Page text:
RealTime IT News

Intel/Excalibur Venture Shoots, Scores with NBA

Convera Corp., the company being formed by chip giant Intel and video management developer Excalibur Technologies Corp., has secured its first client: the National Basketball Association.

The NBA has reached an agreement for Intel to develop and distribute interactive NBA content, including enhanced broadband programming and interactive game broadcasts. The initial products to be developed under the agreement will enable users to access daily customized NBA and WNBA highlights.

Intel plans to assign the agreement to Convera upon completion of a transaction announced in May. Previously, Intel and Excalibur agreed to form a new publicly traded company to provide rich-media content management. The goal was to target sports leagues as well as media and entertainment industry companies.

Apparently, the venture scored. Excalibur will incorporate its video content management technologies, including Excalibur Screening Room, as part of the solution that Intel is providing to the NBA.

As part of the NBA agreement, the NBA will receive a 10 percent equity stake in Convera.

Shares of Excalibur jumped 6 percent on the news, up 3-5/8 to 58-7/8 in Wednesday trading. The new trading ticker for Convera hasn't yet been assigned by the Nasdaq.

Still, Excalibur isn't alone in the market and isn't even the only streaming media company that Intel has aligned with. Earlier this summer, Intel struck a deal with Virage for stream-searching instead of using Excalibur.

For its part, though, Excalibur said it takes no issue with Intel's Virage deal. The chip maker "intends to work with a number of solution providers that will help [Intel] deliver a solution that best meets their needs. The agreement with Virage is not exclusive," a company spokesman said.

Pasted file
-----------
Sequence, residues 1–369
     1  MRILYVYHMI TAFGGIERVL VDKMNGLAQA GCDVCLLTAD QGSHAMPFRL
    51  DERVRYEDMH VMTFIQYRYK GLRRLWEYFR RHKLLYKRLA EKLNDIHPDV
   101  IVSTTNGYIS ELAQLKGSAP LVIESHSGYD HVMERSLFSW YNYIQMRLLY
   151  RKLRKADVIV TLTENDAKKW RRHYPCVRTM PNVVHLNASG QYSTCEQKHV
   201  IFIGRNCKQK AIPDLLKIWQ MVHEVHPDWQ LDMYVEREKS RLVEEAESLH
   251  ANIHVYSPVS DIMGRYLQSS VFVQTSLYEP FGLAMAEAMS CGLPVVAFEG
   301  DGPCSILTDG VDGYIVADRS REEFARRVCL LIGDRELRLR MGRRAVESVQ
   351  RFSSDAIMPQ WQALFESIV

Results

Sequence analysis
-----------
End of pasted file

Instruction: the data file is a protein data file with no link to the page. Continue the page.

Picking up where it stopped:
"With this agreement with Intel, we believe that essentially we've created the recipe for new ways that sports and entertainment will be delivered in the future," said NBA Commissioner David Stern. "Providing fans with unmatched access to a new level of interactive media such as daily customized highlights and classic footage available on demand from our vast archives enables us to offer personalization for the user's experience."

"Today's announcement marks a significant milestone in sports entertainment," said Craig Barrett, Intel president and chief executive officer. "Intel and the NBA will be working to enable a whole new experience for fans online. We're excited to be working with one of the leaders in the sports world who has clearly identified the Internet opportunity and is moving quickly to unlock the value, and the action, from their extensive audio and video material."

Although Excalibur's core technology is relatively new, the company itself isn't exactly unfamiliar with big name executives, like Stern and Barrett. Herbert A. Allen, president and chief executive officer of Allen & Company, has been a large shareholder for some time.

Upon completion of the transaction, Allen will be part of the 7-member board of Convera, which also will include Gerhard H. Parker, executive vice president, Intel; Andrew D. Bryant, Intel senior vice president; Ronald J. Whittier, senior vice president at Intel and proposed chairman and chief executive of Convera; and Patrick C. Condo, president and chief executive of Excalibur Technologies and Convera's proposed president and chief operating officer. Two others will be named later.